Hi Alan - many thanks for your reply - much appreciated. I think the school situation adds to concerns about the plans for more building near NC which has I believe been accepted.
The article by George Monbiot in the Guardian yesterday 'So which bit of the world are you prepared to lose?' raises some interesting issues re response to climate change - in earlier articles I think he has written about the importance of trees in the management of the environment
So... back to trees! I checked out the discussion on your website re BR and in posting my reply became stuck - so I have posted everything on here.
First a confession -
We are guilty of replacing our front garden with a driveway after about 15 years of dicing with death with our two young children in crossing BR - but after having two cars written off - we gave in.
Post from website...
Friday, 28 March 2014
Getting trees on Brownlow
Dear Councillor xx
Tree Planting in Brownlow Road N11
Thank you for your email dated 19 March 2014 regarding the above.
Following enquiries from both residents and Councillors in previous years, the area Arboricultural Officer surveyed Brownlow Road to identify suitability of the road for new and replacement tree planting, however he reported that there are no suitable sites to accommodate new trees within this road.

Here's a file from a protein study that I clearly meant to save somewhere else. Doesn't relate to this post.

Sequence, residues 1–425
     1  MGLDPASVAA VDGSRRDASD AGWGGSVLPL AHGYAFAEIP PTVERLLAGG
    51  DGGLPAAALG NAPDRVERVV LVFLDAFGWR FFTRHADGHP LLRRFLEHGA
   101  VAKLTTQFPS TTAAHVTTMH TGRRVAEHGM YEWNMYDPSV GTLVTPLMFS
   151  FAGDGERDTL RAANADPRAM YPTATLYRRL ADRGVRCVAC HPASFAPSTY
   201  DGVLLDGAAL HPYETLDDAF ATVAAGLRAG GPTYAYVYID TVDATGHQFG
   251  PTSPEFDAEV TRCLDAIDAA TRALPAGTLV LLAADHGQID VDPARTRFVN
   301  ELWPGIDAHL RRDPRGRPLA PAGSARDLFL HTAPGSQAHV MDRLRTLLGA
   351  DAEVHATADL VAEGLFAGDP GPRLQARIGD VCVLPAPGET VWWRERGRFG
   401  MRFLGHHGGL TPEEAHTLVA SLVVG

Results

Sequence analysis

On receipt of this latest enquiry our Senior Arboricultural Officer surveyed Brownlow Road on 26 March 2014 and confirmed that he agrees with his colleague’s findings. However, he found four locations where we could squeeze new trees in, if pressured, although utilising these would still be subject to utility searches.
These sites would not normally be utilised as they are borderline acceptable and will result in sight line obstructions to vehicles exiting their properties into Brownlow Road, and will further become reduced as the trees mature and the trunks increase in size. Furthermore, as the trees mature the dropped kerb ramps adjacent to these locations will become displaced and will likely result in insurance claims and possible loss of trees at a relatively young age.
Therefore, it may be useful to arrange a site meeting and to walk along both sides of the road and then discuss the suitability of each location individually. This is an option that has already been offered to one of Councillor xx's constituents.